What’s more, as we shall see shortly, the quotes above on communist central planning also describe the pervasive irrationality within the large corporation: management featherbedding and self-dealing; “cost-cutting” measures that hollow out productive resources while leaving management’s petty empires intact; the pouring of money down the ratholes of enormous capital projects undertaken primarily for their prestige value; and the tendency to extend bureaucratic domain while cutting maintenance and support for existing obligations. Management’s allocation of resources may create use value of a sort—but with no reliable way to assess the opportunity costs or determine whether the benefit was worth it.
The dominant corporate accounting model results, to a large extent, from the imperatives of mass production. The mass production industrial model is based on using extremely expensive, product-specific capital equipment, which in turn requires large batch production to run the machinery at full speed and spread capital amortization costs out over as many units as possible. This means that production is undertaken for the primary purpose of fully utilizing productive capacity and achieving economies of speed, without regard to spontaneous, preexisting demand. The accounting system used within the typical large corporation reflects this requirement.
In Sloanist management accounting, according to William Waddell and Norman Bodek, inventory is counted as an asset “with the same liquidity as cash.” Regardless of whether a current output is needed to fill an order, the producing department sends it to inventory and is credited for it. Under the practice of “overhead absorption,” all overhead costs are fully incorporated into the price of goods “sold” to inventory, at which point they count as an asset on the balance sheet.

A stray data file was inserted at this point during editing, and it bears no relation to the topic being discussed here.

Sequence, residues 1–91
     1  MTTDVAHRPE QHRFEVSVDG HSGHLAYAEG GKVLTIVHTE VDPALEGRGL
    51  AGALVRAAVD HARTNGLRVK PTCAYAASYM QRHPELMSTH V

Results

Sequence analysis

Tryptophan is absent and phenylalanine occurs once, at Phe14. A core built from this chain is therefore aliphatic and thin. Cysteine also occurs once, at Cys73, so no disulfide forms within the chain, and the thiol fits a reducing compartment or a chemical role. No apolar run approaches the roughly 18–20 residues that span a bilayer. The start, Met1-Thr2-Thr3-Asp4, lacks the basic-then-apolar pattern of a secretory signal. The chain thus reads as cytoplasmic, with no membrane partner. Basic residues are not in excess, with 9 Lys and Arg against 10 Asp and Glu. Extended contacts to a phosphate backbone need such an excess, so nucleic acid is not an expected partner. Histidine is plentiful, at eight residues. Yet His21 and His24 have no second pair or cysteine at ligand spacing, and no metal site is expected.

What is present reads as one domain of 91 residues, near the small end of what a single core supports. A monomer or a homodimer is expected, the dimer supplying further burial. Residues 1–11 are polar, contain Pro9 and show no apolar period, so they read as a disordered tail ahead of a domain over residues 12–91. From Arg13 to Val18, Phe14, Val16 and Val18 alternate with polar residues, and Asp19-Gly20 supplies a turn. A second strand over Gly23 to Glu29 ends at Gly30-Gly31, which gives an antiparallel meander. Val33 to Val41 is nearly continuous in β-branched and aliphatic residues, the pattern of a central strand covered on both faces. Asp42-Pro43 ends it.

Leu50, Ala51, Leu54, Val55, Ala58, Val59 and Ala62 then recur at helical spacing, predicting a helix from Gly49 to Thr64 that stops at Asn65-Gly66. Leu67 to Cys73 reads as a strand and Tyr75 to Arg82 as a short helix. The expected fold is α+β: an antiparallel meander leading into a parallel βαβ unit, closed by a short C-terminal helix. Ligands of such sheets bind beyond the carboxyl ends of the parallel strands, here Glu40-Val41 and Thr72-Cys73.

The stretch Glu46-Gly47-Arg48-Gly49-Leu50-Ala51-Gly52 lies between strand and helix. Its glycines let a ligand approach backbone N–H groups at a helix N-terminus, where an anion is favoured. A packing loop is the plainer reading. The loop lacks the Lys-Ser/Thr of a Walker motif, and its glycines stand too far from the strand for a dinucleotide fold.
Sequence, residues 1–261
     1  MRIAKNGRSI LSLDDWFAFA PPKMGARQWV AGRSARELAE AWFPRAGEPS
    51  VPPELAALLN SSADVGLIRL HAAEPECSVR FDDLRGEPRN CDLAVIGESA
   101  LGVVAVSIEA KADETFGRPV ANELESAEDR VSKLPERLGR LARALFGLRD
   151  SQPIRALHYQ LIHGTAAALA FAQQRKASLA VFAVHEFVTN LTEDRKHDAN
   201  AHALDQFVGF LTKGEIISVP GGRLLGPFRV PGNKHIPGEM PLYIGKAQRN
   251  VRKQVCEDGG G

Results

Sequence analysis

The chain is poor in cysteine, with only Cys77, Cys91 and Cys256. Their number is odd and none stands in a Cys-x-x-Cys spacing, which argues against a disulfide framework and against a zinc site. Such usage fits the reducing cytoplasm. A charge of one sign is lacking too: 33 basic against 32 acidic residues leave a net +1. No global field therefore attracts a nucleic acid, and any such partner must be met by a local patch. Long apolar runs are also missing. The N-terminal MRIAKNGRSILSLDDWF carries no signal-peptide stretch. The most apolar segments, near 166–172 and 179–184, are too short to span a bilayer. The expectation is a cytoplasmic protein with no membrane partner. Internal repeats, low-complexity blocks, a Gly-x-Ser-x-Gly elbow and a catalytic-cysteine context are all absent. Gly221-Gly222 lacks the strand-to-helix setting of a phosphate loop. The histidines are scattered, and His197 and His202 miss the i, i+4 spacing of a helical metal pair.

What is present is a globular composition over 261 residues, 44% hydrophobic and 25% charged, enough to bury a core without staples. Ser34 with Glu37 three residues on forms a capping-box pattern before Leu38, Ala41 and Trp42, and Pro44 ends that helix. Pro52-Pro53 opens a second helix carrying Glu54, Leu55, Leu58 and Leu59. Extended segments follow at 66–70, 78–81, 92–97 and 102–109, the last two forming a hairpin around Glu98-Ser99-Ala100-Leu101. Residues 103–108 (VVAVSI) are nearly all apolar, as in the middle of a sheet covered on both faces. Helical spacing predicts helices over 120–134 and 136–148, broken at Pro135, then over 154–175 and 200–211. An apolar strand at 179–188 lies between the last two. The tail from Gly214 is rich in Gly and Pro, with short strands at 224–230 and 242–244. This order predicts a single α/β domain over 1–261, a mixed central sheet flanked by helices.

With inventory declared to be an asset with the same liquidity as cash, it did not really matter whether the next ‘cost center,’ department, plant, or division actually needed the output right away in order to consummate one of these paper sales. The producing department put the output into inventory and took credit.
…Expenses go down…, while inventory goes up, simply by moving a skid full of material a few operations down the stream. In fact, expenses can go down and ROI can improve even when the plant pays an overtime premium to work on material that is not needed; or if the plant uses defective material in production and a large percentage of the output from production must be scrapped.